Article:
From an internal standpoint, Froese Law is completely on the cloud and a paperless office. This gives our lawyers flexibility in where to work. Our corporate social responsibility is very important to us. We try to minimize our environmental impact. In addition, we are a certified woman-owned business.
BWR: What would you say is the most challenging part of your job?
Ashlee: Juggling all aspects of my business, as well as my clients’ legal issues, is more challenging. But, not insurmountable at all. I am rigid on organization and so I find this to be quite manageable.
BWR: What are you most proud of? What’s your best accomplishment professionally?
Ashlee: A few years ago, the head of admissions at Osgoode Hall Law School, reached out to me to say they had received 3 entrance application submission essays where the law school applicants had specifically said that I was their motivation to apply. I had never met these applicants. It was incredibly humbling to know that I have an impact on the new generation of law students. In addition, I truly am proud of the work I do. Oftentimes, my clients are creatives who find the legal aspects more challenging. But I know that they are key elements to their business and we can help. It’s a pleasure to watch my clients flourish and penetrate the marketplace.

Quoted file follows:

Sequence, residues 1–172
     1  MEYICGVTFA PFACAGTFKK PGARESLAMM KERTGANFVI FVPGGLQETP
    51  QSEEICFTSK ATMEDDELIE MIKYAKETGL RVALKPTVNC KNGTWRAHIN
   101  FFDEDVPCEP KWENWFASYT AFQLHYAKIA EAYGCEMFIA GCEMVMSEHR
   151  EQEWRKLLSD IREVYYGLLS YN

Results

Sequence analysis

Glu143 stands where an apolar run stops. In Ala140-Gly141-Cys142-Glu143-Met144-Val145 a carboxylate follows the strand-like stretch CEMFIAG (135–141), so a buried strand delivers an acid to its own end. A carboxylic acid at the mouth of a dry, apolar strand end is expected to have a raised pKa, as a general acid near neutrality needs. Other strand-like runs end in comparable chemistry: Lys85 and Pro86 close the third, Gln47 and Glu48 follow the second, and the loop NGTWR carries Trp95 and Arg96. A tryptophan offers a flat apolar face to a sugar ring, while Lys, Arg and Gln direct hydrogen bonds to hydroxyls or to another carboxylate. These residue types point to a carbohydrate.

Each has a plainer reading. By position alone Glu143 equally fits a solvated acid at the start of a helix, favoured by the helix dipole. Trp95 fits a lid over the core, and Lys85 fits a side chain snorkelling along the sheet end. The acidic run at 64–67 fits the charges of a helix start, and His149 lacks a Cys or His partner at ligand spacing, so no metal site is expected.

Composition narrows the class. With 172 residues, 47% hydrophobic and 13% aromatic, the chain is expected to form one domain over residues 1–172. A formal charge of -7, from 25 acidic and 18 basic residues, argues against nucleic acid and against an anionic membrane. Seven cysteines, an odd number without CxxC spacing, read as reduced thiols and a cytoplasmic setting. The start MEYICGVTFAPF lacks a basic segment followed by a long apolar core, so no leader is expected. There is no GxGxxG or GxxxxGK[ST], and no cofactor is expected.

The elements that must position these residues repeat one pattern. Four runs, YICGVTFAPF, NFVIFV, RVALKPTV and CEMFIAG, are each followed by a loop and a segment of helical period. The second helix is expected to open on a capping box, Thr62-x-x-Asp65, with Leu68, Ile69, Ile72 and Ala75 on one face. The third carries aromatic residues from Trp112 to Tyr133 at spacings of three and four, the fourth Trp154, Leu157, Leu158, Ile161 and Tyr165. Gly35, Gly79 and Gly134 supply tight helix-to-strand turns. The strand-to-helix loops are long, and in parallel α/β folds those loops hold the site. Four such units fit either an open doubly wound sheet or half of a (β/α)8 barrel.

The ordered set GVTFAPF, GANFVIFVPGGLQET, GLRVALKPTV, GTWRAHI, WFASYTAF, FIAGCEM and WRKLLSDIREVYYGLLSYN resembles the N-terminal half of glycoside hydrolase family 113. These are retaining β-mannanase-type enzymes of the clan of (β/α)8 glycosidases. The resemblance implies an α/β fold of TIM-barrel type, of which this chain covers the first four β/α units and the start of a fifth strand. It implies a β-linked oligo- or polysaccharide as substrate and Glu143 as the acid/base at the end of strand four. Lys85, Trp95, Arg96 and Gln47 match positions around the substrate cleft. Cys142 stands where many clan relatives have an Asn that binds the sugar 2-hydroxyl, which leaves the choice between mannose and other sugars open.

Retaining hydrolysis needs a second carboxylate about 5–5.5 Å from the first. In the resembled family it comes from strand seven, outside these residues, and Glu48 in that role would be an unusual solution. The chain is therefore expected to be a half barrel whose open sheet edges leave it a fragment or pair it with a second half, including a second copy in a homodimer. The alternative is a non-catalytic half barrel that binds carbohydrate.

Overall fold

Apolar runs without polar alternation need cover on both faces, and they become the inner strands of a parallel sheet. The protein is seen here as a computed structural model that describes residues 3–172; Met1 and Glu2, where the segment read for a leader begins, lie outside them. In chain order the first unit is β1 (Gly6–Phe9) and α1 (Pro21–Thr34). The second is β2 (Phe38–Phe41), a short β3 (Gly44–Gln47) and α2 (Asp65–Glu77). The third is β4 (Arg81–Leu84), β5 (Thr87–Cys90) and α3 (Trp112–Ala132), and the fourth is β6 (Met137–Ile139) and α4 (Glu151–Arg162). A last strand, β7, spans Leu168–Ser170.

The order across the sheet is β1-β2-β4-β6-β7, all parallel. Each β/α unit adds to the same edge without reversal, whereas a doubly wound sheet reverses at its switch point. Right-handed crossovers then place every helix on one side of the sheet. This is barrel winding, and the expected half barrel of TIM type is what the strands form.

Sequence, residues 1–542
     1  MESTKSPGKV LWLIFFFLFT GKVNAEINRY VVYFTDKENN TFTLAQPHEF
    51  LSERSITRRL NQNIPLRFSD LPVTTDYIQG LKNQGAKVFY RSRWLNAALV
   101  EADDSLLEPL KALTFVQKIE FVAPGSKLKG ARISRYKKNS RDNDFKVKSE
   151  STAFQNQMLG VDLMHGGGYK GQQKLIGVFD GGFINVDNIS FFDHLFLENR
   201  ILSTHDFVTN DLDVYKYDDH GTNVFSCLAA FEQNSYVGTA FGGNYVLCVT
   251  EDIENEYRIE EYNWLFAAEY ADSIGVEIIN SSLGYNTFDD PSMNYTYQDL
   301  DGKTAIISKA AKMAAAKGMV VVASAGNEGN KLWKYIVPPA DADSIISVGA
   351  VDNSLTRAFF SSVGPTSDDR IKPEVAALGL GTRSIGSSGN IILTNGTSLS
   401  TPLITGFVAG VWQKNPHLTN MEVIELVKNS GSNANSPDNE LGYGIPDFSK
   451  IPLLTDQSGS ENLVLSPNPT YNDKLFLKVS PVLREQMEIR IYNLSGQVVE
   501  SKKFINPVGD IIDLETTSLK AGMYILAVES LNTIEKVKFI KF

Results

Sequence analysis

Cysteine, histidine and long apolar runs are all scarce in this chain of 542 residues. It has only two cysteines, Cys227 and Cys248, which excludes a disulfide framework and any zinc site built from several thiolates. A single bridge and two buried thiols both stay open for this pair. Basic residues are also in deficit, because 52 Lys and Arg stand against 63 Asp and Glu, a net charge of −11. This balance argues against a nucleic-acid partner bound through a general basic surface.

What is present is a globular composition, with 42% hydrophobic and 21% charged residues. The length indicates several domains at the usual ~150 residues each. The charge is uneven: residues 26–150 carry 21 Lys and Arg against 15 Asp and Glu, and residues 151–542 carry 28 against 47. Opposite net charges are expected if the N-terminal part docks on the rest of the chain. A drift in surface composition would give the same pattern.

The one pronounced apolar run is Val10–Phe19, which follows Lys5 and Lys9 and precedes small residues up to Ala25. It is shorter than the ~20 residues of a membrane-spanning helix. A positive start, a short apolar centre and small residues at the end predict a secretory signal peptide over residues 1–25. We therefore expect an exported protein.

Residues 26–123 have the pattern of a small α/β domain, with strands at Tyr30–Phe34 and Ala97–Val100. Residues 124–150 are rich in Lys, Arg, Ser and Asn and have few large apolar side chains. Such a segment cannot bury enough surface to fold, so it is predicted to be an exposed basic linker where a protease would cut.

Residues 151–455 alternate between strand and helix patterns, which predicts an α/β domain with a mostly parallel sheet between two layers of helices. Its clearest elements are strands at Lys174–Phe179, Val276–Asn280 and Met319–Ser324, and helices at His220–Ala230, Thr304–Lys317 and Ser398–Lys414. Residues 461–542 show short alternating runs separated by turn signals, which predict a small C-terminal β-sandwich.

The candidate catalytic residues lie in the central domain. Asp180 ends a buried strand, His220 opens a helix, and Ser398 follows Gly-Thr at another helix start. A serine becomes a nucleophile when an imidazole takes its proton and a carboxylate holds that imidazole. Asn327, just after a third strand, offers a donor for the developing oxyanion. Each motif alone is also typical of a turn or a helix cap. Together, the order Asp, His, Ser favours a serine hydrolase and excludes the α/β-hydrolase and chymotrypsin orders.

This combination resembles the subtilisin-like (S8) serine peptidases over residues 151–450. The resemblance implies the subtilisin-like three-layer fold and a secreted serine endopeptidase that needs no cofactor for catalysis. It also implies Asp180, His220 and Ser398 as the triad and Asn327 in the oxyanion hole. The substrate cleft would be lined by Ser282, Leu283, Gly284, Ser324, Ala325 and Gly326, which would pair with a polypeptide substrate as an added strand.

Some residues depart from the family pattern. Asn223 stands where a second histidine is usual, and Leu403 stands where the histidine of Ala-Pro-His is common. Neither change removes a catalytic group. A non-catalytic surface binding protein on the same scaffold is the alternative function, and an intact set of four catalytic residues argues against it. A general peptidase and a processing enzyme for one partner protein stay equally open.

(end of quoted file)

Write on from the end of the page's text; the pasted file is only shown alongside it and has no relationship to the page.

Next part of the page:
This year, I received an award from the legal community for being a Change Agent in Law. Only 39 lawyers across Canada received this award. I was the youngest. It feels nice to have my efforts noticed in an official capacity as well.
BWR: What is the biggest issue in the law industry and what measures can improve it?
Ashlee: Retention of women in law is a significant issue. Which is a shame because the majority of students in law school are, in fact, women. The business of law is an old construct that modernizes at a glacial place. There is a lack of honest introspection within the legal community about the profession, which is detrimental to its evolution.
BWR: What advice can you give to fellow entrepreneurs who want to start their own business?
Ashlee: Think of yourself as a success in the making. Prepare yourself for that level of success along your journey. Also, identify your strengths and weaknesses. Play to your strengths and bring in people to fill the gaps of your weaknesses. Surround yourself with honest people who will give you constructive feedback. The haters can go. So can the “yes” people.
BWR: On a final note, where do you see yourself 10 years from now?
Ashlee: Let’s all hope it’s on a yacht in the Mediterranean Sea! Well, at least for the month of August! I have visions for Froese Law and don’t intend to move on from it. I’m building something valuable for my clients and also for the next generation of lawyers. Strategically expand Froese Law to a full-service law firm that is a one stop shop law firm for all of our clients issues. I am dedicated to the boutique work environment. However, I don’t see the firm growing past 20 lawyers.
ASHLEE FROESE/FROESE LAW SOCIAL MEDIA LINKS